Friday, August 22, 2014

2014 in Crime Flicks: July

The Detective - Gordon Douglas - Frank Sinatra plays Joe Leland, the titular policeman investigating the savage murder of the son of a powerful citizen in the 1960s. Said fortunate son was a homosexual and likely killed by a lover which makes the case sensational enough to illicit giggles and blanching from the most seasoned of NYC's finest. Except Leland. Leland is the man without a country here - generally respected, but an aggravation as often as an asset to the department interested in quoing the precious status 24-7, and in his personal life, loved, but rarely understood, by Karen (Lee Remick) the educated, conscientious lefty whom Leland has set his affections on. And to be fair, Leland can be kind of a prick. Adapted from the novel of the same name by Roderick Thorp, it's a bit of a time-capsule piece of shifting social mores and anxieties, but doesn't offer much for those looking for a ripping mystery... which is okay, because its intentions are pretty clearly favoring social drama and character study. Does it succeed on either intention? With mixed results. Leland is occasionally compelling when juxtaposed with other cops (Robert Duvall among them) or Karen's alarmed friends who can't understand why she'd be interested in a fascist, but it never quite cracks his shell either and I dunno how interested I was in the end in getting beneath. It's a little strange to think of this one as a precursor to Die Hard (which is based on the Thorp novel Nothing Lasts Forever and featuring Leland - John McClane in the movie) too, tho that flick also serves as something of a time capsule examination of masculinity and subverted the very tropes the franchise has gone on to perpetuate. Hmmm. Best moment: Sinatra breaks down a suspect with a little understanding. The mix of empathy and manipulation was not as harshly funny as a similar scene featuring Matthew McConaughey in True Detective, but in the same sport.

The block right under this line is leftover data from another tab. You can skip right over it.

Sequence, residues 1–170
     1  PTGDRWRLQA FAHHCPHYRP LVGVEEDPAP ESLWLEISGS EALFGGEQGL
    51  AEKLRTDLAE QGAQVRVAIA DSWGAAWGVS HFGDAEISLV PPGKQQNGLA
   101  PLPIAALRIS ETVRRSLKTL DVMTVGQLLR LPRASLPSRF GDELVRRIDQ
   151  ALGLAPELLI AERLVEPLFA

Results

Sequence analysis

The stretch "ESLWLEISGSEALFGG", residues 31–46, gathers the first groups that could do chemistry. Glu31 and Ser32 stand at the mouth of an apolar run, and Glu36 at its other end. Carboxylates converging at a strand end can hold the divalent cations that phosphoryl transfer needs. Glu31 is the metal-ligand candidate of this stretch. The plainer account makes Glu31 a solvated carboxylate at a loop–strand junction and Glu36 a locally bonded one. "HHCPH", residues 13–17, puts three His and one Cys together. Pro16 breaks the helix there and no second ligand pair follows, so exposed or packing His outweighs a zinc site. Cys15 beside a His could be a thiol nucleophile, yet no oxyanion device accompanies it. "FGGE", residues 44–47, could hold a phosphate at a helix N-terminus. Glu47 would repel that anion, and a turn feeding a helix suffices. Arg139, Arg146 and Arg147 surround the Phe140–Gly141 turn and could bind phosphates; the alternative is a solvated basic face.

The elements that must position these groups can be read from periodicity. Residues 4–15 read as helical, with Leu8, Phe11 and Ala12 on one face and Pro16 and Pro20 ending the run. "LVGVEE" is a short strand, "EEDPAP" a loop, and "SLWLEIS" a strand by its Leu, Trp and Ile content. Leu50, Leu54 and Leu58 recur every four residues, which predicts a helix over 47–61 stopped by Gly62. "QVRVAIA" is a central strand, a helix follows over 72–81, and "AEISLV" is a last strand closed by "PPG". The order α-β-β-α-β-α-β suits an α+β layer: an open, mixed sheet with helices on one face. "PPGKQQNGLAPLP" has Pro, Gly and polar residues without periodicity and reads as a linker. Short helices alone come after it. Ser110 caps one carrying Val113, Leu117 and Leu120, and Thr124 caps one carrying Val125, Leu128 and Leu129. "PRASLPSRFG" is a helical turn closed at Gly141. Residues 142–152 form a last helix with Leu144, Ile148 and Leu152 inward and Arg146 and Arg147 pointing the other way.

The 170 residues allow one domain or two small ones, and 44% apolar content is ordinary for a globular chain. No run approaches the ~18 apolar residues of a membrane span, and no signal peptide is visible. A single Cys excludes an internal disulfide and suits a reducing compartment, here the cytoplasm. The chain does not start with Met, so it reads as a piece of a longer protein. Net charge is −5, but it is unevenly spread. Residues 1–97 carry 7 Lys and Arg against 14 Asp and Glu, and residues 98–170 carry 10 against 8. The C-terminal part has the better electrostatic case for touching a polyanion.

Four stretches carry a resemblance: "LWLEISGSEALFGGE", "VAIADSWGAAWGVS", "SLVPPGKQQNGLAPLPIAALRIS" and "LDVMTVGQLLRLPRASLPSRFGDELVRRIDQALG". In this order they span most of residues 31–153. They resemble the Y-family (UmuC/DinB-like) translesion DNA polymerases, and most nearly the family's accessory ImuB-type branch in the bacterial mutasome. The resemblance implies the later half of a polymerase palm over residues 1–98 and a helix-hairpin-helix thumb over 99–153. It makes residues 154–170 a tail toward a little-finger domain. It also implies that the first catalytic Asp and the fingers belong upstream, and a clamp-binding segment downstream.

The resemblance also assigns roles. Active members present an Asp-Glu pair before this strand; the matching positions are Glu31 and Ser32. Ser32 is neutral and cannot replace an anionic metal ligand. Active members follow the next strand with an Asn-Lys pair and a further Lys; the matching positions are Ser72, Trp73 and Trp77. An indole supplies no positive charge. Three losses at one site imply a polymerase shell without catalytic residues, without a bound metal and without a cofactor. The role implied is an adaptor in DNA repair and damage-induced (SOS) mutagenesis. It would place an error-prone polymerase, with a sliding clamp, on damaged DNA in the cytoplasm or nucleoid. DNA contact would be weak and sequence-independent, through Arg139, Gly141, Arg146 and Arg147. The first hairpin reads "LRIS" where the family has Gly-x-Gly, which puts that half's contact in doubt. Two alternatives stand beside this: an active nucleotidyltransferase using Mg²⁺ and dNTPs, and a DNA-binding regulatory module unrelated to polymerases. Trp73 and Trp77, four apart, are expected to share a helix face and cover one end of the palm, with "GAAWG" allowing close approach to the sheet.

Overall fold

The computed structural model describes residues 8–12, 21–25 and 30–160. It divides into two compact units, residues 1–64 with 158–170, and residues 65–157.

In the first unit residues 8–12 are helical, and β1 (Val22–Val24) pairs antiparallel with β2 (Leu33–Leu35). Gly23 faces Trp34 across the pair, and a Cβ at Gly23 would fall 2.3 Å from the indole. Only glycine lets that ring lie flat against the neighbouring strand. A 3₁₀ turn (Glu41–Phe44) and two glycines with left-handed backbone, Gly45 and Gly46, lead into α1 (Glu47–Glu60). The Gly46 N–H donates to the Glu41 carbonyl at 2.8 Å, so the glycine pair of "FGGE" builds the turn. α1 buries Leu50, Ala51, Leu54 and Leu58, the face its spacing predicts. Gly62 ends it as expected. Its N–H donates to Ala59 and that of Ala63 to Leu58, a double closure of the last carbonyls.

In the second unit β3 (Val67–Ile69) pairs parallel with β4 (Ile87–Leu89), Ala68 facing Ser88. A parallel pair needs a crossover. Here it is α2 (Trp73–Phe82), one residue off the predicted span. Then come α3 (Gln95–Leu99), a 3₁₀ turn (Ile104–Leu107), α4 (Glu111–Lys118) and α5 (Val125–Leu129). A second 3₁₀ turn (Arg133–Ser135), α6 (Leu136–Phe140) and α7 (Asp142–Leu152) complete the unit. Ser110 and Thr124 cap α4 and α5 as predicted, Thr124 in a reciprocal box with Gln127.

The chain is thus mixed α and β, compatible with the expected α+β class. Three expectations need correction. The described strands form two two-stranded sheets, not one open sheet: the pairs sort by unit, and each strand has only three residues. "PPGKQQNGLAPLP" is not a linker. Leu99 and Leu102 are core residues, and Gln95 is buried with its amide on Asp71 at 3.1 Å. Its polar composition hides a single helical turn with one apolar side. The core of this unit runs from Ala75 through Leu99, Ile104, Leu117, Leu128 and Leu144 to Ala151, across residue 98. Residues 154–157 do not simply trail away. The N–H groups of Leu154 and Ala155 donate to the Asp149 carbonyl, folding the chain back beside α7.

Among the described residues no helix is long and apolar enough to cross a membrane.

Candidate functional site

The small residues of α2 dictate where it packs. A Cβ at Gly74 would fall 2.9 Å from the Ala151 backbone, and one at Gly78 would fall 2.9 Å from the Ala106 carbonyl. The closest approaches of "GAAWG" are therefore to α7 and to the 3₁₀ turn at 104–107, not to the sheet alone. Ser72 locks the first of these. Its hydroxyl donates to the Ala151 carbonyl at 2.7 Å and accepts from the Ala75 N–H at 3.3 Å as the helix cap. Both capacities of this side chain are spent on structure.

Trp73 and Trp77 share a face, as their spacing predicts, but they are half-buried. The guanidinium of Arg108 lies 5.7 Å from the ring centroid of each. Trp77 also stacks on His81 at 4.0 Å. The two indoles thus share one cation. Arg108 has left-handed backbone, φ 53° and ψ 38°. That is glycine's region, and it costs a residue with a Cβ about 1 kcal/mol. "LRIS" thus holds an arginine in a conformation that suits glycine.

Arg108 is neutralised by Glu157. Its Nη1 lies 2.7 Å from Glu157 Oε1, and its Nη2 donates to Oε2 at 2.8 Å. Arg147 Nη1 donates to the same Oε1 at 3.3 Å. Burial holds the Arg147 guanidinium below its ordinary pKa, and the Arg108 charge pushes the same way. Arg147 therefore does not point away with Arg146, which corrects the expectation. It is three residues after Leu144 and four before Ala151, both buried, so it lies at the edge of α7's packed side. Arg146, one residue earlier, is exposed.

The Grand Budapest Hotel - Wes Anderson - Story within a story, within a story, within a... but mostly concerned with Gustave H. (Ralph Fiennes) the concierge of the grand hotel and Zero (Tony Revolori) his lobby boy and protege. The film follows the duo as they allude police and a killer thug (Willem Dafoe is so perfect) after Gustave is framed for the murder of one of his wealthy clients (Tilda Swinton - add this one to Snowpiercer in Swinton's recent trend of hilariously grotesque plays on her image). The cast is impressive, the performances specific and of a piece, and the music combined with the mind-boggling level of attention to detail, synonymous with Anderson's name, create an alternate reality so appealing, I frankly never wanted the picture to end. And yes, it's a fucking crime movie. Shut up. There's lots of crimes the film is concerned with - murders and thievery and prison escapes - so shut your smug face. Fiennes positively sparkles (shut the fuck up) as Gustave, and he and Zero are typical Anderson characters: master and mentor enamored of formality and the proper way things are done - including (and perhaps most especially) resistance to and rebellion against tyranny. I know it's not particularly cool to be a fan of Anderson's - twee being the derogatory adjective most often flung at his sensibility, but I don't think that charge sticks here. As his characters are, Anderson is a student of and believer in form and formal mentor ship, and his padowan relationship to past masters has never been more plainly on display, but just as his characters find freedom for self-discovery and expression rather than restriction within the bounds of social contracts and formalities, Anderson seems peculiarly free and unfettered by the rigors of propriety within his discipline and has wrought perhaps his most potent and personally revealing work to date. No emotion or human current is untapped or unworthy here - rather everything has its clearly defined place - and tell me you don't respond to notions of love and nobility here or that the violence in this one isn't more visceral than your average serial killer movie. And I'll be damned if Anderson didn't out-De Palma anything Brian De Palma's done lately for one particular murder sequence. Fucking-A plus. Best moment: F. Murray Abraham's epilogue rings such a true note that doesn't exactly re-contextualize the story, but re-enforces and grounds the dramatic stakes.